41. Economic Policy Institute, “The cost of child care in Montana.”
  42. The median income for households in Montana in 2019 is $57,248. KIDS COUNT Data Center, Median household income in Montana, 2019.
  43. KIDS COUNT Data Center, Children receiving Best Beginnings Child Care Scholarship in Montana, State Fiscal Year 2020.
  44. U.S. Census Bureau, “Age by Ratio of Income to Poverty Level in the Past 12 Months, American Community Survey 5-Year Estimates, Table B17024, 2015-2019,” accessed on Apr. 16, 2021. Population estimates are multiplied by poverty percentage. National Center for Health Statistics, Bridged Race Population Estimates, 2019.
  45. Letter from Department of Public Health and Human Services to Administration for Children and Families, 60 day report on Montana’s planned use of Child Care and Development Fund (CCDF) Coronavirus Response and Relief Supplemental Appropriations Act (CRRSA), Feb. 2021, on file with author.
  46. Office of the Assistant Secretary for Planning and Evaluation, 2021 Poverty Guidelines for the 48 Contiguous States and the District of Columbia.
  47. Estimates are for center-based child care. Center for American Progress, “Where Does Your Child Care Dollar Go?,” Feb. 2018.
  48. Smith, K., “Montana’s Early Childhood System: A Comprehensive Statewide Needs Assessment.”
  49. Center for the Study of Child Care Employment, “Early Childhood Workforce Index 2020,” Feb. 2021.
  50. The 4,030 high school teachers are counted from three categories of secondary school teachers, including those that teach special education and career/technical education. U.S. Bureau of Labor Statistics, Occupational Employment and Wage Statistics, May 2019 State Occupational Employment and Wage Estimates Montana, accessed on May 11, 2021.
  51. Center for Economic and Policy Research, CEPR’s Analysis of American Community Survey, 2014-2018 5-Year Estimates, Apr. 9,2020, on file with author.
  52. U.S. Bureau of Labor Statistics, Occupational Employment and Wage Statistics, “May 2020 State Occupational Employment and Wage Estimates Montana,” accessed on May 14, 2021.
  53. Center for the Study of Child Care Employment, “Early Childhood Workforce Index 2020.”
  54. Montana Early Childhood Project, “Registry Demographics,” Jan. 2020-Dec. 2020, registry data was a special request and is on file with author.
  55. Federal estimates include: Child Care Development Fund (CCDF) both for the state and tribes located within Montana; Preschool Development; Head Start/Early Head Start; Tribal Head Start/Early Head Start; Temporary Assistance for Needy Families (TANF) funds transferred to CCDF and other Child Care Assistance/Non-Assistance; Individuals with Disabilities Act Part C (Grants for Infants and Families) and Part B, Section 619 (Special Education for Preschool-Age Children). Total federal estimates are for $106 million. Exact amounts from each program are on file with author.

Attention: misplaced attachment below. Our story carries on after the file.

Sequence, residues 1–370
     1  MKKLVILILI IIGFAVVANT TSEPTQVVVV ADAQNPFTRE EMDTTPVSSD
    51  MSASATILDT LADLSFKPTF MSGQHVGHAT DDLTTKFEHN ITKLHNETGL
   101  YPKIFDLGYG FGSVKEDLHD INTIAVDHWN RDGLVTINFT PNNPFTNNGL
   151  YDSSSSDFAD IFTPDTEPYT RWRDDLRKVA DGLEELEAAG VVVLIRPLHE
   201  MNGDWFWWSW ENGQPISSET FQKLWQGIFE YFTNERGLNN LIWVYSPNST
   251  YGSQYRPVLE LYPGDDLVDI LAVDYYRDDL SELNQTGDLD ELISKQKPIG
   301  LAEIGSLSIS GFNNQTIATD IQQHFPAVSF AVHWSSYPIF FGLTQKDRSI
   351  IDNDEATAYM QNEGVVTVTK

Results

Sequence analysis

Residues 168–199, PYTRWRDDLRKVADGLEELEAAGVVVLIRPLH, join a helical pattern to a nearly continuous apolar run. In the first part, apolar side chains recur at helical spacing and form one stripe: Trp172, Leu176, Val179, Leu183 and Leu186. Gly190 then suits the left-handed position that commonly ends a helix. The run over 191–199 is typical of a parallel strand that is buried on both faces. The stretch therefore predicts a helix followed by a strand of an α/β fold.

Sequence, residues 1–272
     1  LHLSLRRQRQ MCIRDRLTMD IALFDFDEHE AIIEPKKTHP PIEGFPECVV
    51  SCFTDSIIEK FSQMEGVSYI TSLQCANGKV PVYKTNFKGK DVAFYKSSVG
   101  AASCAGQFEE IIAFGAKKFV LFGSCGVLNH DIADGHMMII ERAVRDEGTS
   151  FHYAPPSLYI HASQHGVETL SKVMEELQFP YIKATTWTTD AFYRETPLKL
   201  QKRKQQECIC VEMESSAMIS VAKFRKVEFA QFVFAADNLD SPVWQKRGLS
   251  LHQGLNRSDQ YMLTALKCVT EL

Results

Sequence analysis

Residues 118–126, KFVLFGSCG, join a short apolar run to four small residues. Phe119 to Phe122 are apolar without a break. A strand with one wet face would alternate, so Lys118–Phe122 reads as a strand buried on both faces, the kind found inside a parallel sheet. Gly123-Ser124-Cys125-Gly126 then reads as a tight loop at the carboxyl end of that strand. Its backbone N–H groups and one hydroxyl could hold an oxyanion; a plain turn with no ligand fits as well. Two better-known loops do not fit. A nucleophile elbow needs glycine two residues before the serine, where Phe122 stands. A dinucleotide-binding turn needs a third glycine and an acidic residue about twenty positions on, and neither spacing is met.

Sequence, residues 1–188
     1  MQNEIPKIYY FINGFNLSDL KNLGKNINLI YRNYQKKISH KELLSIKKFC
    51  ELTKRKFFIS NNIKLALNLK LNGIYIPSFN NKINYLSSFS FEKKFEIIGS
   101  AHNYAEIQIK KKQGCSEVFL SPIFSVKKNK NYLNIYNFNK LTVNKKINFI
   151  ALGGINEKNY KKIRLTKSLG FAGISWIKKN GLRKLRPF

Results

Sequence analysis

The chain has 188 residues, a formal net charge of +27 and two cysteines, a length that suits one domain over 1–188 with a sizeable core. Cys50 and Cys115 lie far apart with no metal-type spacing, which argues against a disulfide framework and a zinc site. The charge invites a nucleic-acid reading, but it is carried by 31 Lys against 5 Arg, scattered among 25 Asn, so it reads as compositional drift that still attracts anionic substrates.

56. The cost of care coming from parent payments or other private sources is subtracted for the estimated total cost of child care for the 23,815 infants/toddlers with all parents working and 25,776 preschool-age children with all parents working. Using the average cost of care for these age groups, it is estimated that the total cost in Montana for the child care system is $442 million ($9,518*23,815 infants/toddlers=$227 million; $8,365*25,776 preschool-age=$216 million). Parents or other private sources are estimated to cover the gap of $328 million that isn’t covered by state or federal funding sources.
  57. State estimates include $9 million included in the General Fund to support the state match for CCDF. No additional state money is currently funding early childhood education initiatives. In prior years, Montana set aside money towards a preschool pilot program, however that money has since been cut from the budget. Estimated amount comes from Department of Public Health and Human Services, “Child Care and Development Fund (CCDF) Plan for Montana, FFY 2019-2021.”
  58. Department of Public Health and Human Services, Early Childhood and Family Support Division, Early Childhood Services Bureau, “Draft Montana FY2022-2024 CCDF State Plan for Public Comment Period,” Apr. 2021.
  59. Smith, K., “Montana’s Early Childhood System: A Comprehensive Statewide Needs Assessment.”
  60. Smith, K., “Montana’s Early Childhood System: A Comprehensive Statewide Needs Assessment.”
  61. National Head Start Association, “7 Ways State Policymakers Can Step Up to Support the Children of Head Start as the American Rescue Plan Moves to U.S. Communities,” May 2021.
  62. National Head Start Association, “State Investments in Head Start to Support At-Risk Children and Families,” Dec. 2020.
  63. Smith, K., “Montana’s Early Childhood System: A Comprehensive Statewide Needs Assessment.”
  64. Smith, K., “Montana’s Early Childhood System: A Comprehensive Statewide Needs Assessment.
  65. Center for the Study of Child Care Employment, “Early Childhood Workforce Index 2020.”
  66. Smith, K., “Montana’s Early Childhood System: A Comprehensive Statewide Needs Assessment.”
  67. Office of the Assistant Secretary for Planning and Evaluation, 2021 Poverty Guidelines for the 48 Contiguous States and the District of Columbia.
  68. Economic Policy Institute, “The cost of child care in Montana.”
  69. U.S. Census Bureau, “Age by Ratio of Income to Poverty Level in the Past 12 Months, American Community Survey 5-Year Estimates, Table B17024, 2015-2019,” accessed on Apr. 16, 2021. Population estimates are multiplied by poverty percentage. National Center for Health Statistics, Bridged Race Population Estimates, 2019.
  70. Department of Public Health and Human Services, Early Childhood and Family Support Division, Early Childhood Services Bureau, “Draft Montana FY2022-2024 CCDF State Plan for Public Comment Period.”
  71. Smith, K., “Montana’s Early Childhood System: A Comprehensive Statewide Needs Assessment.